The number of children worldwide who have lost parents is estimated at 133 million. The aid group SOS Children’s Villages reports that every day 5,760 more children become orphans. In sub-Saharan Africa, some 15 million children have lost their parents to the AIDS epidemic. Millions become orphans because of national and international conflict and natural disasters. To meet their needs for security, a home, education, health care and love is a daunting task. Frequently sprinkled throughout the Hebrew Scriptures are reminders to take care of orphans, who are usually linked with widows and foreigners, the most vulnerable in the society (e.g., Ex 22:21-22; Dt 24:19-22).
In this Sunday’s Gospel, which is part of the farewell discourse, Jesus assures his disciples he will not leave them orphaned. His impending departure will not leave them bereft of his love. They will not be homeless and will not need to be cared for by strangers. He promises to send “another advocate” to be with them always. The Greek word parakletos, “paraclete,” has a rich array of nuances. It literally means “called to the side” of another. It can have a legal sense, like “advocate” or “defense attorney.” More generally, it can refer to a helper, mediator or intercessor, one who appears on another’s behalf. Another nuance is that of “comforter,” as expressed in the Sequence for Pentecost, when we pray “You of all Consolers best” and ask for rest, refreshment and solace.
What is paradoxical in this last aspect is that the kind of consolation provided by the Comforter is not of the sort that wraps us in a warm, fuzzy cocoon and allows us to remain there forever. It is more akin to the loving nudge with which a mother bird impels her fledglings to take wing. As the theologian Timothy Radcliffe, O.P., puts it, “This is what the Holy Spirit does, thrusting us out of our ecclesiastical nest into mission.” In order to be able to be thrust out, the Consoler also gives us the sure realization that we are never abandoned. We have a home in the One who draws us ever more deeply into mutual indwelling. “You are in me and I in you” (14:20).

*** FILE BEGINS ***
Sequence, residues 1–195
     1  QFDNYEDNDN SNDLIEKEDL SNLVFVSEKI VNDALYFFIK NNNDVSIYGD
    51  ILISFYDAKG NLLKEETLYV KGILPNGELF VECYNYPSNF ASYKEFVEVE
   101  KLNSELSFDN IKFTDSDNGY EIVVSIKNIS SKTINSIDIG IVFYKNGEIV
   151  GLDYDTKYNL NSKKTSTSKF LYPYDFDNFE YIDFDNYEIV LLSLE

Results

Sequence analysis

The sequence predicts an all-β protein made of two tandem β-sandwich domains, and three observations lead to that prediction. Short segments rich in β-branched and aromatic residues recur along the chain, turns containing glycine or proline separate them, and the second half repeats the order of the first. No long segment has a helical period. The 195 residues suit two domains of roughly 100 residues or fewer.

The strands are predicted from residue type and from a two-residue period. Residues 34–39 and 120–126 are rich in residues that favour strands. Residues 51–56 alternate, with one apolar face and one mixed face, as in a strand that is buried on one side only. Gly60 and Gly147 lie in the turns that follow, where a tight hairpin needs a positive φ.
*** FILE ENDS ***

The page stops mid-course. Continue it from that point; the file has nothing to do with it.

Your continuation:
The first reading gives us a glimpse into what results when disciples make their home in Christ and allow the generativity of the Spirit to be unleashed. Stephen, chosen as a minister from among the Greek-speakers, esteemed as one “full of the Spirit and of wisdom” (Acts 6:5), becomes fearless enough to go into the region of Samaria and there proclaim Christ. His intrepid venture among a people previously thought to be enemies impels Peter and John also to leave the nest in Jerusalem and to continue Jesus’ mission to the lost and forgotten. The fourth Evangelist depicts the mission to Samaria begun by Jesus himself in an exchange with a woman at a well, who brings her townsfolk to believe in Jesus as savior of the world (Jn 4:4-42).
Jesus does not leave any orphaned. He is the embodiment of a motherly God who never forgets her children (Is 49:15) and a fatherly God who protects orphans and widows (Ps 68:5). Just as parental love at its best is unconditional, so too is God’s love. Although some translations of Jn 14:15 and 14:21 seem to imply that God’s love and the sending of another Advocate are conditioned by human response, the focus is actually on the mutuality of the love. The divine love has been made manifest in God’s gift of the Son (Jn 3:16); human love of God is expressed in the keeping of the commandments.
As Raymond Brown points out in his commentary on the Gospel according to John in the Anchor Bible series, “Love and keeping the commandments are actually two different facets of the same way of life. Love motivates the keeping of the commandments, and indeed love is the substance of Jesus’ commandments” (Jn 13:34).